rec. September 1952 (CD 1, tr. 1-3, 6), June 1955 (CD 1, tr. 4, 5), May 1952 (CD 1, tr. 7, 8), July 1954 (CD 1, tr. 9-12; CD 2, tr. 1, 2), July 1951 (CD 1, tr. 13), June 1954 (CD 2, tr. 3), September 1956 (CD 2, tr. 4-16), November 1957 (CD 2, tr. 17-26). ADD

Hilde Gǖden was born Hulda Geiringer in Vienna on 15 September 1917 and began her musical studies at the age of 16 at the Vienna Music Conservatory. Her theatrical debut followed when she was 21 at the Vienna Folk Opera under the name of Hilde Gerin, later changing this to Hilde Güden. Her opera debut came in 1939 when she was 22 years old as Cherubino in Mozart’s Le Nozze di Figaro.

We do not hear her as Cherubino in this fascinating compilation set compiled by Nimbus from LPs, but in eight Mozart arias. There are two from Don Giovanni, "Ach, ich fǖhl’s" from Die Zauberflöte, two from Le Nozze di Figaro and one each from Idomeneo and Il Re Pastore, ending this group with the Exultate, Jubilate, K165. For people used to listening to more recent sopranos in these roles and arias, Güden’s singing is a revelation! Her beautiful, pure and silvery soprano harks back to a different era of vocal style and interpretation from that we have heard from contemporary performers. I loved hearing her sing all these arias, and particularly her moving version of "Ach, ich fühl’s" where Karl Böhm paces the Vienna Philharmonic Orchestra slowly – typically for him - allowing the singer and orchestra almost to "breathe" the music. Güden’s interpretations can also give one insight into those of later sopranos. Today’s aspiring young Mozart singers should listen to these recordings and learn from the tone and approach of this artist.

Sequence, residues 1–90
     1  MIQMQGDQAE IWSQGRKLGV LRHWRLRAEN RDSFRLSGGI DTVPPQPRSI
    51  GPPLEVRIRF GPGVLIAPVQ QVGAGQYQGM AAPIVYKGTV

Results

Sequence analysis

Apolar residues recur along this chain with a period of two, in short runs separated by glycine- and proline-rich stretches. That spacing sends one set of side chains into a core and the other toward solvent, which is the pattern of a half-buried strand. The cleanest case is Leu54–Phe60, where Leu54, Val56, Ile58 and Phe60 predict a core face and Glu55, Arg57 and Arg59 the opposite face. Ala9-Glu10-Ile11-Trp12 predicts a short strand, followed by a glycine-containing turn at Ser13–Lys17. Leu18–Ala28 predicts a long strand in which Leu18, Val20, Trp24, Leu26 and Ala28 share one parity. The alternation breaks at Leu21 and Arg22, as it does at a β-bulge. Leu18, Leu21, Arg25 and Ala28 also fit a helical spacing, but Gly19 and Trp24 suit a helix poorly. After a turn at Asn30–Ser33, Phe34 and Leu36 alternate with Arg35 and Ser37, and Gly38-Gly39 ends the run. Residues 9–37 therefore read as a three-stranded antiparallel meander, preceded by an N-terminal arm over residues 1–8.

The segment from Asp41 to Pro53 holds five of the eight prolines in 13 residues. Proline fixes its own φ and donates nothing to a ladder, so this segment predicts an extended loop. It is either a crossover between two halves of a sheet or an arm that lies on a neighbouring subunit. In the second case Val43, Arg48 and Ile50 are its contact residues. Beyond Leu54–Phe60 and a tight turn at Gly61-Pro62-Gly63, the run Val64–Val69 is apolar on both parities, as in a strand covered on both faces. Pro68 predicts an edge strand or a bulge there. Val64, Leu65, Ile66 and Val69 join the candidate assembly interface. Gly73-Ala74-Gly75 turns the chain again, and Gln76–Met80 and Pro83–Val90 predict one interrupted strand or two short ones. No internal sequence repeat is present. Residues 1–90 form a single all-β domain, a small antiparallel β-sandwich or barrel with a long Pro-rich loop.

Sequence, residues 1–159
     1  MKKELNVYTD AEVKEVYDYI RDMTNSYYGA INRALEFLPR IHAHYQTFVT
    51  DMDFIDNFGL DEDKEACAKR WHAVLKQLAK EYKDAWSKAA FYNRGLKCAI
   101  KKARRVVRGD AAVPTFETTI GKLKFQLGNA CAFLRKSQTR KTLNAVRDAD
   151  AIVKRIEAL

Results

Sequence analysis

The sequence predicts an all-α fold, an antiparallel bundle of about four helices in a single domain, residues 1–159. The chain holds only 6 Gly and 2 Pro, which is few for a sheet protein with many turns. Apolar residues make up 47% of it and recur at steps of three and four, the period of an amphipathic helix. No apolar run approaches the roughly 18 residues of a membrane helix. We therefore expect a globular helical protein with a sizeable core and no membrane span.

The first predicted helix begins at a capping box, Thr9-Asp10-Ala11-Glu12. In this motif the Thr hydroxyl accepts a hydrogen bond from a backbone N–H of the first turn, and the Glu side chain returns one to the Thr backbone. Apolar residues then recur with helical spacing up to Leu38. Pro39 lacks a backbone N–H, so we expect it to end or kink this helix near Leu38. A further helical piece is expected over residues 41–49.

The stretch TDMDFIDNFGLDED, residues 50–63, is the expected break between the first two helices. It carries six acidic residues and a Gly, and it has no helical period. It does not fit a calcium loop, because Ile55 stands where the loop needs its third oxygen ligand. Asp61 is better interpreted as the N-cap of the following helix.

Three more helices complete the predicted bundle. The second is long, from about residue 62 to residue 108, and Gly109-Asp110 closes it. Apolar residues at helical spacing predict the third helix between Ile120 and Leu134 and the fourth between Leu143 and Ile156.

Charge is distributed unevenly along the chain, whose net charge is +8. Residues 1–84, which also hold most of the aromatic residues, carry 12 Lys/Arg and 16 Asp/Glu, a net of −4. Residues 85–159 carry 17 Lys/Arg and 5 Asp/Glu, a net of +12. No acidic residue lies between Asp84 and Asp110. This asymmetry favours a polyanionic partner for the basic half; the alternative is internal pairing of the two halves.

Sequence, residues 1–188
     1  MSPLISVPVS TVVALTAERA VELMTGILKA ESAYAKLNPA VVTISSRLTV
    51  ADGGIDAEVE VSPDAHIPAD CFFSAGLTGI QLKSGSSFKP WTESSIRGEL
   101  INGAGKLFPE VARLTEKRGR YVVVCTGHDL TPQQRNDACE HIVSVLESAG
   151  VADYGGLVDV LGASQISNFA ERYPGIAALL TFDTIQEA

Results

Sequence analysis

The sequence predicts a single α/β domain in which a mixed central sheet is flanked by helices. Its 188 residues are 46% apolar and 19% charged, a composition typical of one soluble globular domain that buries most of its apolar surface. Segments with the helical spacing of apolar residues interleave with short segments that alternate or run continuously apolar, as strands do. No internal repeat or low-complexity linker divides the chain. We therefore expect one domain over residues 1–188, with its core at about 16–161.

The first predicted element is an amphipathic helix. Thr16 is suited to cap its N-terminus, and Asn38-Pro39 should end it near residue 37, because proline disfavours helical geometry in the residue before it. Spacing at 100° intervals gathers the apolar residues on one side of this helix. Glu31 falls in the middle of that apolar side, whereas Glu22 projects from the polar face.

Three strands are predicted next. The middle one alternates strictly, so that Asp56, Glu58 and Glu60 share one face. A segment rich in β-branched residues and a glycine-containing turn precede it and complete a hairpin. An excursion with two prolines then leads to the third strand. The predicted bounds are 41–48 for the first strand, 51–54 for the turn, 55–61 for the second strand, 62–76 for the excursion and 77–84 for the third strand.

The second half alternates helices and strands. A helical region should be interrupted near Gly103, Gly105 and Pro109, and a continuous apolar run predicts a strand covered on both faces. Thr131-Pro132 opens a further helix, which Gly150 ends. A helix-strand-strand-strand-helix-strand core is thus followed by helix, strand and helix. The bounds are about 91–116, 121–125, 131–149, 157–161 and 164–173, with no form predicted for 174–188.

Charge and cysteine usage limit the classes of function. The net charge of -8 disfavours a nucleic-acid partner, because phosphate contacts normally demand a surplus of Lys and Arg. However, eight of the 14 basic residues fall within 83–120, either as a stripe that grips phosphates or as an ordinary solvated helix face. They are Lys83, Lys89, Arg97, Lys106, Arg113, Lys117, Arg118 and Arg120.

Güden’s career progressed from working with major conductors at The Vienna State Opera. These included Josef Krips, Karl Böhm, Erich Kleiber, Clemens Krauss and Alberto Erede (with whom she sings on these CDs. Later she sang at La Scala, Milan, Zurich, Roma Opera, the Bavarian State Opera, Glyndebourne, La Fenice, Venice, The Metropolitan Opera, New York, The Royal Opera House, Covent Garden and the Salzburg Festival. Those were the starry years in which she shared the operatic boards with the most celebrated singers and artists of the era.

The next group of arias are Italian: three from Verdi – two from Rigoletto and one from Falstaff, followed by three from Puccini – one from La Bohème and two from Turandot.